The spokesman for the John Birch Society describes the U.S. and Russian partnership in the video below.
The "International Military Review" (IMR) has excellent coverage of Syria; watch the IMR video below.
Russia announced on Tuesday that by the end of this month it will deploy the latest version of its giant command and control aircraft designated for use during nuclear war or national disasters. The flying command center will be able to coordinate the worldwide operations of its ground, naval, air and missile forces, including nuclear weapons, as well as the country's satellites. Russian military sources said that the Ilyushin-80 jet, pictured above, would be used when the command infrastructure is disrupted due to a nuclear war, or when ground communication systems are absent. The sources said the plane will be permanently staffed with senior generals, operational commanders and technicians.
After several incidents, in which 130mm shells fired by Syrian rebel groups, particularly the Al-Nusra Front, reached the center of the Russian Khmeimin military enclave outside Latakia, the general staff in Moscow decided to rush heavy artillery reinforcements to Syria. Russia has transferred two types of heavy weapons systems by sea and by air to the front near Latakia during the past few days.
First, a body of three battalions of 2S19 Msta-S self-propelled howitzers, pictured above, was deployed at Khmeimin and has already started pounding rebel lines and command centers in the area. This heavy artillery system, capable of firing 152mm shells at a rapid pace, is a veteran of Russia’s former campaigns against Islamic terrorist groups, especially in the Russian war against Islamic rebels in Chechnya in the 1990s.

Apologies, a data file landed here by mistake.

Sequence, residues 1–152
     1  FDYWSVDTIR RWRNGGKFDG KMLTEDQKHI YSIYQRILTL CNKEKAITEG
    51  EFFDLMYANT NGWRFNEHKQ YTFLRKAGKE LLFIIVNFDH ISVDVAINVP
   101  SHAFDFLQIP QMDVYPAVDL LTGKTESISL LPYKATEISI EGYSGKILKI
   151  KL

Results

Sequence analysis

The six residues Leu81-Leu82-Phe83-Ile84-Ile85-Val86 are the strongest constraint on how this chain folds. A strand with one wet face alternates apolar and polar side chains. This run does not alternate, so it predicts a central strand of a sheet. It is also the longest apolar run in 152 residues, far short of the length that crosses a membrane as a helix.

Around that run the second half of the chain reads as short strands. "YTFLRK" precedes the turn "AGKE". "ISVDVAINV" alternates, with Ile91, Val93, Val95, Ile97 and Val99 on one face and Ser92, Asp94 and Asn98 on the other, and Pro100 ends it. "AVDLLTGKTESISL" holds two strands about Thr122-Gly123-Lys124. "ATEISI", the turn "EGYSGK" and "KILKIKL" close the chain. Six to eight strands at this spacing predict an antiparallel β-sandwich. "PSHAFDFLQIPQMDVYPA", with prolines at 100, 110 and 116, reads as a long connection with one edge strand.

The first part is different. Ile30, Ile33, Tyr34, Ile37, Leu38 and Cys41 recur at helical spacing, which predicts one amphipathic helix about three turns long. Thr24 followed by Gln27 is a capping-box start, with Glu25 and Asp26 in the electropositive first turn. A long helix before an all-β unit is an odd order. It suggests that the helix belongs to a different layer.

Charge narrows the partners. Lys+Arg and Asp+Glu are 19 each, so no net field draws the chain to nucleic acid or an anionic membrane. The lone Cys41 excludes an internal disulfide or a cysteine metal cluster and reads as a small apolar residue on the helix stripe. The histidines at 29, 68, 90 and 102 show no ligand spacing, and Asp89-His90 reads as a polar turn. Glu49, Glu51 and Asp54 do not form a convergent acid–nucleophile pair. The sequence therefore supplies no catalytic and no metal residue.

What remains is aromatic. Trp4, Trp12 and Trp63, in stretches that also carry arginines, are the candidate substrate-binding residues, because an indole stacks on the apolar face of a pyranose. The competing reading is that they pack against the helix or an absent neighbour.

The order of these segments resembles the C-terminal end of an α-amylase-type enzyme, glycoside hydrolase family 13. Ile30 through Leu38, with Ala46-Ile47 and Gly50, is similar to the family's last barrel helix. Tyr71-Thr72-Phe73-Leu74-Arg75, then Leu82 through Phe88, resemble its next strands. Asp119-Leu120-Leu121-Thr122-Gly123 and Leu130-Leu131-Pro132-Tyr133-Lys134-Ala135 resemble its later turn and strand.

The 2S19 Msta-S has a modified chassis of a T-80 tank and a diesel motor of a T-72. It is effective against fortifications as well as military and terrorist targets in wooded mountain areas, exactly the kind of geographical environment in which the rebels around Latakia area are operating.
This self-propelled howitzer is also expected to be effective in battles being fought in the Qalamoun mountains, in order to break the stalemate in which the combined Iranian, Syrian, Iraqi and Hizbollah forces have been bogged down for months in their efforts to knock over rebel strongholds.
Another heavy weapons system that Russia brought to Syria in recent days is the TOS-1 220mm multiple rocket launcher, pictured above and below. This system, which is mounted on the chassis of a T-72 tank, has been deployed near the embattled Syrian cities of Hama and Homs.
Even though Russian President Vladimir Putin and Defense Minister Sergey Shoigu continue to claim that Russian forces will not be engaged in Syrian ground warfare, the heavy artillery systems brought to the country and their use in battle tell a different story. They show that Russian ground combat in Syria is expanding.
The German cabinet Tuesday approved the consignment of up to 1,200 soldiers and reconnaissance planes, pictured above, to Syria to help in the fight against Islamic State without engaging directly in ground combat.. This step ramps up Germany’s involvement in the war, which was limited until now to arms and military training to Kurdish fighters. Parliament has still to confirm the decision, but its passage is certain as Chancellor Angela Merkel’s coalition has an absolute majority. A vote on the decision will be taken in the German parliament on Wednesday.
Although UK opposition Labor leader Jeremy Corbyn, pictured above, opposes British air strikes against ISIS in Syria, a majority of his party campaigned for, and Monday won, a free vote in parliament on the issue. This gives PM David Cameron a chance to gather sufficient parliamentary support for this action. However, Corbyn also won a delay in the vote: The shadow cabinet called on the prime minister to “step back from the rush to war” and hold a two-day Commons debate “on this crucial national decision.”